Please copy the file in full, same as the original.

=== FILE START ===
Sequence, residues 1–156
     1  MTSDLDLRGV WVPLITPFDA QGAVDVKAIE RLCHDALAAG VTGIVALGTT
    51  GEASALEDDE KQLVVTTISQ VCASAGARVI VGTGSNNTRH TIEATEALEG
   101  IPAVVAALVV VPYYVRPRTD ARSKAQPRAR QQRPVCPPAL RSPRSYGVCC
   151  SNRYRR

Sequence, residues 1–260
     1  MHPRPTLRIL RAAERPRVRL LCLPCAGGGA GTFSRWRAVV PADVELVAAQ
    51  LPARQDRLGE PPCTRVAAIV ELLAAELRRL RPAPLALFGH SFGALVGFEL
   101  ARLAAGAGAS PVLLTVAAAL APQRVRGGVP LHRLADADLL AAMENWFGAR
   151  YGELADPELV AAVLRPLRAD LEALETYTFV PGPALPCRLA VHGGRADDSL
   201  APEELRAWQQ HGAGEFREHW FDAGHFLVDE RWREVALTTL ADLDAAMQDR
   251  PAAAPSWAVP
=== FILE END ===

Sequence, residues 1–156
     1  MTSDLDLRGV WVPLITPFDA QGAVDVKAIE RLCHDALAAG VTGIVALGTT
    51  GEASALEDDE KQLVVTTISQ VCASAGARVI VGTGSNNTRH TIEATEALEG
   101  IPAVVAALVV VPYYVRPRTD ARSKAQPRAR QQRPVCPPAL RSPRSYGVCC
   151  SNRYRR

Sequence, residues 1–260
     1  MHPRPTLRIL RAAERPRVRL LCLPCAGGGA GTFSRWRAVV PADVELVAAQ
    51  LPARQDRLGE PPCTRVAAIV ELLAAELRRL RPAPLALFGH SFGALVGFEL
   101  ARLAAGAGAS PVLLTVAAAL APQRVRGGVP LHRLADADLL AAMENWFGAR
   151  YGELADPELV AAVLRPLRAD LEALETYTFV PGPALPCRLA VHGGRADDSL
   201  APEELRAWQQ HGAGEFREHW FDAGHFLVDE RWREVALTTL ADLDAAMQDR
   251  PAAAPSWAVP